WASHINGTON -- With an eye toward shoring up shaky financial markets, Treasury Department officials unveiled a plan yesterday to provide greater transparency and management of risk in hedge funds.
However, the Bush administration's "best practices" proposal is voluntary, and fewer than two dozen of the more than 8,000 registered hedge funds signed onto the plan.
Hedge funds are large pools of investment capital owned by the wealthy. They are largely unregulated.
The plan, presented by Treasury Secretary Henry M. Paulson Jr., does not introduce new regulations. It depends instead on self-policing and good behavior by hedge fund managers - two qualities missing in recent years as Wall Street excesses have led to what former Federal Reserve Chairman Alan Greenspan recently called the worst global financial crisis since World War II.
A former chief executive officer of investment bank Goldman Sachs & Co., Paulson did not rule out the possibility of future regulation.
"Both market and regulatory practices will evolve from here, but this is certainly a logical step at this time," Paulson said. "We must implement best practices and continually seek to strengthen our market and regulatory practices."
Critics of the plan, such as Connecticut Attorney General Richard Blumenthal, say they believe it gives hedge fund managers, who helped devise the "best practices," a free pass.
"This plan is one small step when giant strides are needed. The Treasury Department's proposals for greater transparency and risk disclosure must be mandatory or they are meaningless," Blumenthal said. "Nonbinding best practices or voluntary guidelines are an imaginary fence and virtual farce: They stop nothing."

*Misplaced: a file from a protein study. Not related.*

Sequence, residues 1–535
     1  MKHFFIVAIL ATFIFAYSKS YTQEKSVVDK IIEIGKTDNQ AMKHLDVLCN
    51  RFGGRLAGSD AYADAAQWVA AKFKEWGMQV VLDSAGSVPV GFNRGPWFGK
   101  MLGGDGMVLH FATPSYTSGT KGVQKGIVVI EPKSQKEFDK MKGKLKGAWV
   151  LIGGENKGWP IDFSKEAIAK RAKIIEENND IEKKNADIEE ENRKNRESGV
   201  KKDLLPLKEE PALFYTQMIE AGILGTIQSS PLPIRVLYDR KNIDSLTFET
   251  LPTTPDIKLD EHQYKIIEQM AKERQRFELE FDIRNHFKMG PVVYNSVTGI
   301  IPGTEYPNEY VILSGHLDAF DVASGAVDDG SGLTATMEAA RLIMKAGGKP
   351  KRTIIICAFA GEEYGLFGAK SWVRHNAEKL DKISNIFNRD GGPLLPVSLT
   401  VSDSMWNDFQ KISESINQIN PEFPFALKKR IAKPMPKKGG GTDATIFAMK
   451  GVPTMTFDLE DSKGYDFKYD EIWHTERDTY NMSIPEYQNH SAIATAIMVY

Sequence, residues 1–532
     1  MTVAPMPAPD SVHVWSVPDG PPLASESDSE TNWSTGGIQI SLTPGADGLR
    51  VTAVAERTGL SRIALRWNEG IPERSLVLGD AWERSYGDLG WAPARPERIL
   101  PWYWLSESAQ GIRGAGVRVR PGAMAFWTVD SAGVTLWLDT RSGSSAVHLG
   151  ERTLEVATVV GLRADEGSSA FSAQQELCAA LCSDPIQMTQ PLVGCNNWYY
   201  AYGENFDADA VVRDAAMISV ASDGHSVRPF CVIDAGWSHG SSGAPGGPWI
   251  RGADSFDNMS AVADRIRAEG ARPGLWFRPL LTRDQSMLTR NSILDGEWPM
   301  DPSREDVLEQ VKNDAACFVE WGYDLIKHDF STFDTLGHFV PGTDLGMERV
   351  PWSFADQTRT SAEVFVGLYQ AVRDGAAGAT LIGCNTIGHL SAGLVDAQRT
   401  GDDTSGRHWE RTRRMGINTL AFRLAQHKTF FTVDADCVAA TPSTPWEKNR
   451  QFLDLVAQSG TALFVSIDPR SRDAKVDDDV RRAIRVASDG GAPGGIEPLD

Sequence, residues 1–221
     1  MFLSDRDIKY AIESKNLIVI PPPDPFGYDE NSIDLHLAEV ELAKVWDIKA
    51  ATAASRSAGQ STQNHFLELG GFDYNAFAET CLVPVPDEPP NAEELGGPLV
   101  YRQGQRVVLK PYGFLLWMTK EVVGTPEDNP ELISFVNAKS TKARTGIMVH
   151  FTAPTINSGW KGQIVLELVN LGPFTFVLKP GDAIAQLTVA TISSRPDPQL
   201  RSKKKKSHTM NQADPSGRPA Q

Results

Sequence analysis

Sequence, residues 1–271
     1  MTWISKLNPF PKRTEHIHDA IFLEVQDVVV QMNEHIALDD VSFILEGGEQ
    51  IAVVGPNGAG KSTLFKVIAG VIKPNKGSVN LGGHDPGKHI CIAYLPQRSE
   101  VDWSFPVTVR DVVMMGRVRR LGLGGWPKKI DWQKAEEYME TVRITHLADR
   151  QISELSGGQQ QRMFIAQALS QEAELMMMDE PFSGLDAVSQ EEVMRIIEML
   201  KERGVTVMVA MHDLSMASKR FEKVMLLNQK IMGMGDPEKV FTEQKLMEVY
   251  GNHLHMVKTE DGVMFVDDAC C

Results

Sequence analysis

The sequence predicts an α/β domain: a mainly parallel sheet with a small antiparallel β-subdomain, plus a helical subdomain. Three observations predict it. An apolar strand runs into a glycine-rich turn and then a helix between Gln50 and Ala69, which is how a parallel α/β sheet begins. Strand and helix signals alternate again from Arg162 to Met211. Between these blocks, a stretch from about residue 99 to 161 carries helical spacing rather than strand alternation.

Many economists have warned that loosely regulated hedge funds pose a systemwide risk to financial markets, but so far they have emerged from the credit crisis in good shape. Instead, it has been the investment banks - their business partners - whose losses now pose risks to global finance.
Hedge funds require investors to have a minimum net worth of more than $1 million and prior-year income above $200,000. Investors also are required to have a minimum investment, matched by a small pool of partners, that can range from $250,000 to as high as $10 million.
These hedge funds are closed to small investors under the premise that only the rich can afford the risk of high hedge fund losses. The funds also offer far greater rewards to investors than are generally available through safer mutual funds and 401(k) retirement plans.
Although the average American cannot invest in hedge funds, which now boast more than $2 trillion in assets under management worldwide, state pension funds can and increasingly do.
This has raised concerns about accounting practices, fees, transparency and risk-management practices, particularly after the spectacular September 2006 collapse of Amaranth Advisors LLC. It had such a large concentration of investment in contracts for future delivery of natural gas that it was later charged by federal regulators with price manipulation.